Chef-Worthy Sandwiches

Images by Joern Rohde













Behold, the humble sandwich — one of the greatest culinary inventions ever. More than just a simple piece of protein between two slices of bread, summer’s favourite grab-and-go food is a blank canvas with endless possibilities — and now, more than ever, worthy of enjoying as a restaurant meal. From towering muffulettas to slow-smoked brisket, feast your eyes on some of the best hand-held meals in Whistler.


TABLE NINETEEN LAKESIDE EATERY at the Nicklaus North Golf Course


The New (And Improved) Cuban

With its spectacular lake and mountain views, Table Nineteen’s clubhouse patio doesn’t bear much (uh, any) resemblance to Miami’s Ocean Drive. But one bite of this elevated Cuban sandwich and we bet you’ll be channelling glittery South Beach, where Executive Chef Eric Gilchrist once lived and picked up some solid ideas about how to improve the classic mixto sandwich. Cuban- style porchetta rolled with fresh herbs replaces the typical leftover pork roast. The cheese is sharp gruyère, not the cheap Swiss holey stuff. The mustard is Dijon “because traditional yellow mustard should only ever be served with bologna,” he jokes. Bread- and-butter pickles are house-made. And the bread is chewy Italian sourdough. His only concession to tradition is to serve the red- pepper sofrito on the side. “Some Cubans cringe when they see it used as a condiment.” Insider tip: spread it on liberally.


PORTOBELLO MARKET and FRESH BAKERY at the Fairmont Chateau Whistler


Mitchell's Smoked Brisket

Located at the base of Blackcomb Mountain, Portobello Market does a roaring sammie trade at breakfast. Their signature roast porchetta in a ciabatta bun has sustained thousands of winter powder hounds too busy to take a lunch break. But we think the sumptuous pulled-brisket is pretty sweet too. Meltingly tender after being bathed in wood smoke for 12 hours, the fall-apart beef is swaddled in tangy beer sauce (made with Deep Cove Brewers’ IPA) and garnished with pickled red onions, which adds textural crunch and a blast of acidity. Named after Executive Sous Chef Jason Mitchell, who keeps a hawk-eye on the smoker, this brisket sandwich turns into a full-meal deal come dinnertime. Just sayin.’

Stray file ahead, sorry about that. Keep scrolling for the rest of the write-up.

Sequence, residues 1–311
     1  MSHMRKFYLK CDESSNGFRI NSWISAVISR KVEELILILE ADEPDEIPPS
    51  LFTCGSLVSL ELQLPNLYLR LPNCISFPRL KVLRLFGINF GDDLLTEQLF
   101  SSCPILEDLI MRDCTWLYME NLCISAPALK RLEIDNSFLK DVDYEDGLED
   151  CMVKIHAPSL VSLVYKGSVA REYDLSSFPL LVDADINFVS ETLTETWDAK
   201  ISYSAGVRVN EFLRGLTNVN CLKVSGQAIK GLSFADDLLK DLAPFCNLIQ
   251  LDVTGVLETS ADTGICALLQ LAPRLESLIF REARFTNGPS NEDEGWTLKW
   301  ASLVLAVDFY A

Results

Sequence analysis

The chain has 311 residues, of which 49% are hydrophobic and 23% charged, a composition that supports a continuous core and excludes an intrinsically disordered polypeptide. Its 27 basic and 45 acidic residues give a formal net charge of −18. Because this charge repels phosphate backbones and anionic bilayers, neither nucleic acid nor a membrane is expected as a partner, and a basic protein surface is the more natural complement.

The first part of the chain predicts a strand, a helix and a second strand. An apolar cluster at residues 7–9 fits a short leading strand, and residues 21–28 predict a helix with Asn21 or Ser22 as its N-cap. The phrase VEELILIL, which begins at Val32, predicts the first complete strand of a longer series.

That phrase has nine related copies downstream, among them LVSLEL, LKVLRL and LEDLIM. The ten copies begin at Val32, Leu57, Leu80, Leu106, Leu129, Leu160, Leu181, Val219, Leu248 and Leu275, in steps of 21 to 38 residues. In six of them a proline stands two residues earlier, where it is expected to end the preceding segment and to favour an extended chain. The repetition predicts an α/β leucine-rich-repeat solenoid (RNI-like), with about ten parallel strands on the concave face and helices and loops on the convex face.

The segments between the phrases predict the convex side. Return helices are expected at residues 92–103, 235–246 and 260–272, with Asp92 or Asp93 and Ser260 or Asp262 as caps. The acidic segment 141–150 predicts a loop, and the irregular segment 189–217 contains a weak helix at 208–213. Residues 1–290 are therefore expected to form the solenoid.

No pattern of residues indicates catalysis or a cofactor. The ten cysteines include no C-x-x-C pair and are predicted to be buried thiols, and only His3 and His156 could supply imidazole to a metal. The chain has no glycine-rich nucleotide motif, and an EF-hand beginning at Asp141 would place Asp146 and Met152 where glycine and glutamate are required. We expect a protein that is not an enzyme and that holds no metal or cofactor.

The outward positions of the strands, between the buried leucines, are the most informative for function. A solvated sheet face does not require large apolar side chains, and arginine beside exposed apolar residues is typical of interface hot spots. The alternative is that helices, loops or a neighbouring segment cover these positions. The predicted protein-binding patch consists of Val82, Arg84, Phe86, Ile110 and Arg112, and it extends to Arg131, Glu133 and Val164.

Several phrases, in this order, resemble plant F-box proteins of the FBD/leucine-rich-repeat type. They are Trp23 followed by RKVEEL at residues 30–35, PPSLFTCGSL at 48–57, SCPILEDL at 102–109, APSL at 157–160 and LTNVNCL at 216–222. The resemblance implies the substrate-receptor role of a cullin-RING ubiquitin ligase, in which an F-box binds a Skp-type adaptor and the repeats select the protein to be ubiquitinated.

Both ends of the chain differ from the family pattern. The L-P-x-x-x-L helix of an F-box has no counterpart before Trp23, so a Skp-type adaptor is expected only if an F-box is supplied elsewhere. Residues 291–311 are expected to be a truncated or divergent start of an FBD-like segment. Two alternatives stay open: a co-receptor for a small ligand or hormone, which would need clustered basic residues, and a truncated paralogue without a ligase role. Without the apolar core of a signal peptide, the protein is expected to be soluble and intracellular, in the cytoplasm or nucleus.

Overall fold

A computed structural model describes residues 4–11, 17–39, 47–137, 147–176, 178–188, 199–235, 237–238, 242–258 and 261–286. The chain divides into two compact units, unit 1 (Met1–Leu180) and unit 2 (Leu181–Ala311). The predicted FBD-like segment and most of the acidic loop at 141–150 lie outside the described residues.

Pork & Truffled Burrata Muffuletta

This casual Village Stroll eatery generally hits higher than most (especially with its wood-fired pizzas), but their epic muffuletta is a stunning tower of pork to behold. Executive Chef James Pare starts with homemade focaccia, baked fresh every morning,

sprinkled with sea salt and splashed with rosemary oil. In between a crunchy slather of pickled salsa giardiniera and oozy, gooey burrata cheese mixed with real black truffle (not the noxious oil), he piles a huge stack of pistachio mortadella, Genoa salami, Serrano ham and good old country ham. A few slices of piquillo peppers lend a sweet counterpoint. Add a touch of heat from the panini grill and you’ve hit the peak of (not-so) simple sandwich ecstasy.




Pork Jowl Bocadillo

Of all the Spanish-inspired small plates on Bar Oso’s delectable menu, this rarified version of cured pork cheek is one of the top sellers. And we can understand why. Chef Jorge Muñoz Santos brines the gelatinous meat for two days in a savoury mix of rosemary, peppercorn, fennel seeds and thyme, then slowly braises it for another three hours. He presses the tender shreds into pillow-soft blocks and sandwiches it between crusty country bread squiggled with garden-green salsa verde and Barcelona-style romesco. Hearty yet refined, sweet and spicy, toasty but fresh — it’s the type of sandwich that will make you cry “Olé!”

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